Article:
Many local parents, however, said they had their children skip the tests not because they were afraid of the results, but because they felt they put too much stress on students, for example, or because they wanted to make a statement on behalf of teachers. 
In March, Governor Cuomo, dismayed at the large percentage of teachers getting high ratings, succeeded in tying teacher evaluations and tenure decisions more closely to the tests. If fewer than 16 tests are available to apply to a teacher’s score, however, which appears quite likely in many cases this year, districts will have to produce an alternative rating method, such as using the scores of other students in the school.
Certainly, New York State’s teacher union isn’t nearly as militant as NJEA, which has  has taken on as its raison d’etre a richly-funded campaign against N.J.’s 2012 teacher tenure law that ties 10% of standardized test scores to teacher evaluations, and which NJEA leaders supported.  In New York it's 50%, so the tests are clearly high-stakes for teachers and the ire more understandable.

Fifty-percent is too much. Gov. Cuomo overshot that one. But 10% renders the testing-evaluation link low stakes for everyone, including teachers, and makes NJEA's stance untenable. It also places union leaders in direct opposition to major civil and human rights groups that support accountability.

The  Times article notes this opposition :
Of particular concern is that without reliable, consistent data, children in minority communities may be left to drift through schools that fail them, without consequences. 
This month, a dozen civil rights groups, including the N.A.A.C.P. and the Leadership Conference on Civil and Human Rights, released a statement saying they were opposed to “anti-testing efforts” because tests provide data crucial for catching and combating inequities in public schools. 
“When parents ‘opt out’ of tests — even when out of protest for legitimate concerns — they’re not only making a choice for their own child, they’re inadvertently making a choice to undermine efforts to improve schools for every child,” the statement said.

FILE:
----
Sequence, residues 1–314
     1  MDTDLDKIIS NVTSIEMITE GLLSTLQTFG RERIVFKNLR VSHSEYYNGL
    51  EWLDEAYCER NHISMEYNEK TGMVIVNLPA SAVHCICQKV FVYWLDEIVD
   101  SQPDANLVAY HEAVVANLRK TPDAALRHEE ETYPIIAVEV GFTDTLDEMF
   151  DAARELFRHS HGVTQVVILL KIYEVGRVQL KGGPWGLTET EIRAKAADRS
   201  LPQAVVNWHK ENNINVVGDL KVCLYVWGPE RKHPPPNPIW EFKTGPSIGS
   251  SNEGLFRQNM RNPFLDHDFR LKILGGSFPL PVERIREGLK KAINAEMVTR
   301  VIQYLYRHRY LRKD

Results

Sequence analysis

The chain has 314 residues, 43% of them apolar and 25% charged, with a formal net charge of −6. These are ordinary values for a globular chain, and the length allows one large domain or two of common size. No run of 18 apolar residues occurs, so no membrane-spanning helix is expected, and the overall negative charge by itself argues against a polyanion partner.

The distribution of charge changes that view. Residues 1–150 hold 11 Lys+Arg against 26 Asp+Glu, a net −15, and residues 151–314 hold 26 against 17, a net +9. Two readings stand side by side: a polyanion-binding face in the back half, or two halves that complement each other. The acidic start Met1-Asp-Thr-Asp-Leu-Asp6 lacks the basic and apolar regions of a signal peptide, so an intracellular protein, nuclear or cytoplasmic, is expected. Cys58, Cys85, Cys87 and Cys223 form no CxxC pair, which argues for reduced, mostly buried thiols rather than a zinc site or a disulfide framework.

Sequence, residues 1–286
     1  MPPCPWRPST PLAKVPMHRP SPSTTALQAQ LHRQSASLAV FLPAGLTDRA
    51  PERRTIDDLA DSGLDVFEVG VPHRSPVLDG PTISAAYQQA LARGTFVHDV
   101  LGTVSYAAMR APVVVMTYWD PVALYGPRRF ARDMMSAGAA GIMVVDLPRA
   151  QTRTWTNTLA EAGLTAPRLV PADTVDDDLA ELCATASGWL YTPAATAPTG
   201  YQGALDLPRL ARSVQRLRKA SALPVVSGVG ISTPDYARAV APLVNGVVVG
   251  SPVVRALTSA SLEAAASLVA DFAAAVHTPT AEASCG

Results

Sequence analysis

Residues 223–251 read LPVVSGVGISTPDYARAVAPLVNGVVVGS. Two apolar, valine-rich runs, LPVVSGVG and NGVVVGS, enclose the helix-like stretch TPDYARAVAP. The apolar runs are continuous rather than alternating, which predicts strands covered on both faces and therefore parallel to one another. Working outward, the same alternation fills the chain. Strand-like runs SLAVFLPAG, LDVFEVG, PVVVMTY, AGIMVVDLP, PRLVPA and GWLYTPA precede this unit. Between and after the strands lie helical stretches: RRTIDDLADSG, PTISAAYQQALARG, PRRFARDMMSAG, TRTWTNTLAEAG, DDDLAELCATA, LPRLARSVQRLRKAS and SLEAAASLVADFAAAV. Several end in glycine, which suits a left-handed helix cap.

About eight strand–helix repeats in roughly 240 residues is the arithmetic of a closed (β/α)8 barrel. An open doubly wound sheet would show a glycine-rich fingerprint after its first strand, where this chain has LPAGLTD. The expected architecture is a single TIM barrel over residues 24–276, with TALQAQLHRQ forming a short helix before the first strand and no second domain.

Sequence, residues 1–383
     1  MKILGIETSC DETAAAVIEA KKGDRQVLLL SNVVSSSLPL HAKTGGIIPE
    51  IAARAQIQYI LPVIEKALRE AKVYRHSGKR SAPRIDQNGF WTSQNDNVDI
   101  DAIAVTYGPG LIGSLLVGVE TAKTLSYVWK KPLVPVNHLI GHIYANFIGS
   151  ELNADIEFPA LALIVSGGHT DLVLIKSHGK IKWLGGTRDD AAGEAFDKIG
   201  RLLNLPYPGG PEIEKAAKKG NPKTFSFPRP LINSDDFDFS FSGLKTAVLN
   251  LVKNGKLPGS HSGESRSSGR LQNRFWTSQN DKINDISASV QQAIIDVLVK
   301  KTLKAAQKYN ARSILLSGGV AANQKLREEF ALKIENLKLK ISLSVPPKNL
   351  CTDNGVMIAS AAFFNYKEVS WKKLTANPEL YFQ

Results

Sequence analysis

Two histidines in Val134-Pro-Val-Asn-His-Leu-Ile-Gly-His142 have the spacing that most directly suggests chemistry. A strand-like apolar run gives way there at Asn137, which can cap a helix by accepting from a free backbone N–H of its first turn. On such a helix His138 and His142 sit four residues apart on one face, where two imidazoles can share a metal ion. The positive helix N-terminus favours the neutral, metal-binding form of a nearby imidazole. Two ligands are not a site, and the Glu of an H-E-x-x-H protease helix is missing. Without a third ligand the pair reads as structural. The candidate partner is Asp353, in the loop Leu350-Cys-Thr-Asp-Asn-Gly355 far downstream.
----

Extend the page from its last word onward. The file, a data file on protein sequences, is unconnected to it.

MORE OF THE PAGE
New Newsworks column: Don't Blame Charters For Trenton Public Schools' Budget Woes

It starts here:
Last Friday Janice Williams, Grievance Chair of the Trenton Education Association, did us all a favor and cut through the political pantomime of the anti-charter school army. In response to the Trenton Public Schools’ announcement of impending lay-offs caused by a $17.3-million budget shortfall for the 2015-16 school year, Williams gave a clear answer to The Trentonian, 
“Kids are leaving and going charter schools. We’re going to be working very hard to put together a PR campaign to let our parents and city and community residents know why they should choose the Trenton Public School system.” 
Here, Ms. Williams expresses a malignant plank of those opposed to charter schools: in this fear-based construct, school choice is a zero-sum game. If families get to choose among different forms of public schools, then adherents to traditional models must engage in public relations campaigns to protect market share. It’s about adult job security, not student well-being. It’s about money, not kids. It’s the negative politics of resentment, not collaborative efforts to educate students. 
Read the rest here.

Wednesday, May 20, 2015

Note to PARCC-Bashers: Annual Testing Won't "Resegregate Schools"

In New Jersey, where education reform disputes seem especially shrill, the focus has been all-things-PARCC. Readers know where I stand: common standards and annual aligned assessments are imperative if this country is going to achieve some semblance of educational equity. I’m hardly alone in this view, but I confess to some jealousy towards the extremely loud and well-coordinated messaging from those who decry PARCC tests as some infringement of their personal freedom or a conspiracy among privateers and union-bashers. The anti-reform Jersey consortium isn’t that big, but it’s really well-organized. We all know the names: Bob Braun, Mark Weber, Marie Cornfield, Julia Sass Rubin, Stephen Danley, Bruce Baker.  (Sorry if I’ve missed a couple.)  Just about all of them are connected, in one way or another, to NJEA and Save Our Schools-NJ.

A new name on the block, at least to me, is Sarah Blaine, who blogs at parentingthecore. She’s articulate, smart, and outspoken and, while I disagree with her on almost every issue, I admire her work. But this week Ms. Blaine published a really bizarre post that’s worth unpacking because (I can’t decide) it’s either laughable or dangerous.